Typography

Typography is the art of assembling copy in such a manner that it is legible but beautifully designed. It’s important to take time to pick the fonts you feel are an accurate reflection of your brand.

Brand Colours

Brand colours help contribute to the persona of your company and when used correctly, aid the feeling and memorability of your brand.

Sizing and Proportions

One of the key elements of your style guide is the sizing and proportions. You want things to remain consistent across your site and not look out of place, and this is precisely what a style guide will help with.

Here is an example of a basic style guide that I created for a website I was building recently.


As you can see it doesn’t have to be excessive and is just to give you some clarity around what you’re building.

Sitemap

The next thing you need to do is build your sitemap. This step is important because it will help the structure of your site. You will also have to submit a sitemap to Google when you launch, so it’s better to get it out the way before you start the development process.

This is a great example of a well-prepared sitemap.



We recommend using Lucidchart to build your sitemap

Create The Header and Footer

The next thing you need to do is go ahead and start building your header and footer

We always recommend getting these two components of the site out the way first, mainly because they show up on every page and can take a bit of time.

Everything should begin to fall into place once you’ve got this part out the way

Fill in Your Page Content

Now that you have the basic structure of your website in place it’s time to start filling in your pages.

This is the part that will take the most amount of time but it’s important to not rush the process. The way that you do this will also change depending on what website design platform you’re using.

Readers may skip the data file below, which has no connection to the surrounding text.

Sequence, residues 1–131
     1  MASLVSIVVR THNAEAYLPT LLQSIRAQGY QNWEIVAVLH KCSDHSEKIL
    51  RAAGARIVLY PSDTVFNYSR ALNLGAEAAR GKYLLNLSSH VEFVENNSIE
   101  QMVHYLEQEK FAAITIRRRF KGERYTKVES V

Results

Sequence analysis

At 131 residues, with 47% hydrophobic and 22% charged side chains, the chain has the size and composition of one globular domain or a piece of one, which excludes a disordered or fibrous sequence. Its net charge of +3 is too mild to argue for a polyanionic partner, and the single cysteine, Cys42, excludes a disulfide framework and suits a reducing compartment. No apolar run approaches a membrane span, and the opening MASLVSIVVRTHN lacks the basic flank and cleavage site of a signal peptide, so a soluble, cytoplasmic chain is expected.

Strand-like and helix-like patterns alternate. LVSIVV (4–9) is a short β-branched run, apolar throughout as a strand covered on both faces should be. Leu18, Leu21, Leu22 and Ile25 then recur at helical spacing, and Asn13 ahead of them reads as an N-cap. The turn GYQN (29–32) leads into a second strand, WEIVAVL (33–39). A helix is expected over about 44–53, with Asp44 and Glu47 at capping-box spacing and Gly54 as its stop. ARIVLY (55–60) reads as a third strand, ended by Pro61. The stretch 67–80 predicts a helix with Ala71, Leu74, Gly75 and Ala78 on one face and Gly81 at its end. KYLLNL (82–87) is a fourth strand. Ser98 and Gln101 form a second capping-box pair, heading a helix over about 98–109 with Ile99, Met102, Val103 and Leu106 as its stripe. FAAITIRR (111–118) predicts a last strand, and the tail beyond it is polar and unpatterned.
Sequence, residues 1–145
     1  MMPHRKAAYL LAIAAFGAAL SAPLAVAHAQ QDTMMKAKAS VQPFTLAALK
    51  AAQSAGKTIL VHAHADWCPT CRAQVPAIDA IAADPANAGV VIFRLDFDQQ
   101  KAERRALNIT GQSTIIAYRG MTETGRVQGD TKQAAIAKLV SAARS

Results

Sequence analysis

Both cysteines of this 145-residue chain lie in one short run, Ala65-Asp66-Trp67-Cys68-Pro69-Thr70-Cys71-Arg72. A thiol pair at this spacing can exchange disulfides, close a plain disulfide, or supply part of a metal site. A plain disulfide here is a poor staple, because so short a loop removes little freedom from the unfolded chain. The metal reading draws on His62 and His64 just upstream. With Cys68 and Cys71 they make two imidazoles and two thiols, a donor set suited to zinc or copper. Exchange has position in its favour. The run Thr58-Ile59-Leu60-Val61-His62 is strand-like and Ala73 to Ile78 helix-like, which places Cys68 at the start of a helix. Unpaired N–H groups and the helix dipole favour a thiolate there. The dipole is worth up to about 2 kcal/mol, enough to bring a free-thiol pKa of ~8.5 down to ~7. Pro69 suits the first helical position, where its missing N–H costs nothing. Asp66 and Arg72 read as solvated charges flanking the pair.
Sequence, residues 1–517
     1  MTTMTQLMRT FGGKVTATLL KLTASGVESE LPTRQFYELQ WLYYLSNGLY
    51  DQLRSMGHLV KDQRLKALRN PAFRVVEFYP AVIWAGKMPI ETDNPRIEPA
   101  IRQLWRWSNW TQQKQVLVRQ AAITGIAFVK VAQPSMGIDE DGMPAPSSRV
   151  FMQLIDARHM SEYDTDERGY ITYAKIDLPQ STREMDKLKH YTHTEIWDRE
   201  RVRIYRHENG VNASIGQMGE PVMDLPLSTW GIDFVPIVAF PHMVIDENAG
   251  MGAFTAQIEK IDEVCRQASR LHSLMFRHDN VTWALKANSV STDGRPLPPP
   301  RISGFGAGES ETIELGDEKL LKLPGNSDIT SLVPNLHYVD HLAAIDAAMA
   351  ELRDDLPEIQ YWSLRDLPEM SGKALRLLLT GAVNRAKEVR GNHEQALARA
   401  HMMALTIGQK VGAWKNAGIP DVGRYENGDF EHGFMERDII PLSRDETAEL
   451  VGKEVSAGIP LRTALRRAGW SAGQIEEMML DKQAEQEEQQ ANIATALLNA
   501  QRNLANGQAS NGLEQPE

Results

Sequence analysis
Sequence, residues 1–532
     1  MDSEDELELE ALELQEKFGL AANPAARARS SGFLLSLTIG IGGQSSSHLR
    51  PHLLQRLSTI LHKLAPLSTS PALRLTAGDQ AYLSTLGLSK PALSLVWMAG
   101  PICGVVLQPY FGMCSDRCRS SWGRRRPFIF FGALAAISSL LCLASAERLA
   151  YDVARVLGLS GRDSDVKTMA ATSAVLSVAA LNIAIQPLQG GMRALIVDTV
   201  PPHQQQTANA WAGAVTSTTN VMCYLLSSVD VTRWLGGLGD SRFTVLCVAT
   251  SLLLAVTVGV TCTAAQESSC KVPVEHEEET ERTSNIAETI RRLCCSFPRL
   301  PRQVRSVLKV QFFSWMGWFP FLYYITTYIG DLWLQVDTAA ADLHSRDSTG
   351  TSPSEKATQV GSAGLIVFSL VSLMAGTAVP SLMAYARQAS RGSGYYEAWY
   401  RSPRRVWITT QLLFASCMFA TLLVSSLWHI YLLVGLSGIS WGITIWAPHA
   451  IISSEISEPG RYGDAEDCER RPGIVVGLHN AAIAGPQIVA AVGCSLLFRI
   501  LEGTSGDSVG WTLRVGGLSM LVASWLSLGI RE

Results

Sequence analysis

We currently have a website design course available on Skillshare that will show you the best practices for doing this if you’re using Webflow.

Install Analytics

Now that you’ve created all your pages it’s time to add all the relevant analytics platforms to your website.

This means adding Google Analytics, verifying your domain with Google Search Console, and adding your Facebook Pixel, to name a few.

Google Analytics

Google Analytics is a website analytics tool offered by Google that tracks and reports all of the traffic that passes through your site. Furthermore, you can view key metrics such as return on investment (ROI), Bounce Rate, click through rate (CTR), and much more!

Google Search Console

Google Search Console is a web service by Google allowing the user to check the index status of all their websites and pages and optimise the visibility of their website.

Facebook Pixel

The Facebook Pixel is a piece of code placed on your website that lets you collect data on conversion events. This data helps you optimise your ads and maximise the effectiveness of your budget.

Once you do this you’ll be so close to launching your website!

Search Engine Optimisation (SEO)

One of the final things that you’re going to want to do is make sure that your website is SEO optimised.

This means making sure you’re using the right keywords across your site, optimising your metadata, and making sure that all your images have the appropriate alt text.

Using the correct keywords

Using the correct keywords means properly targeting your audience online by using words and phrases that describe what your content is all about. In doing so, Google will show your content to the most appropriate queries on its site.

Optimising Metadata

Metadata tells search engines how to read and display your pages on search engines, this means having an appropriate title tag, a title description that is engaging and use keywords that will help your website show up in search results.

Image alt text

Image alt text is a piece of text that appears in place of an image should it fail to load, or if someone with special needs requires a description of the image.

If you’re using WordPress, I’d recommend using a plugin like Yoast SEO to help you identify SEO opportunities.

You also have SEMrush and Moz if you want to use a more sophisticated SEO tool to optimise your site.

Final Checks

The final thing you need to do before you launch your site is do a final check.

This means making sure:

  • Your website looks good on all devices
  • Your titles are structured properly following H1 H2 etc
  • All your images have alt text
  • All your buttons are properly linked up

You get the idea, but this will save you from having to make changes when your site is live.

Hey readers! Thank you for checking out this post. We just wanted to let you know that we were recently featured on DesignRush as one of the best B2B website design companies in the UK, which is a great highlight for us!


Please don’t hesitate to contact us if you need website design help!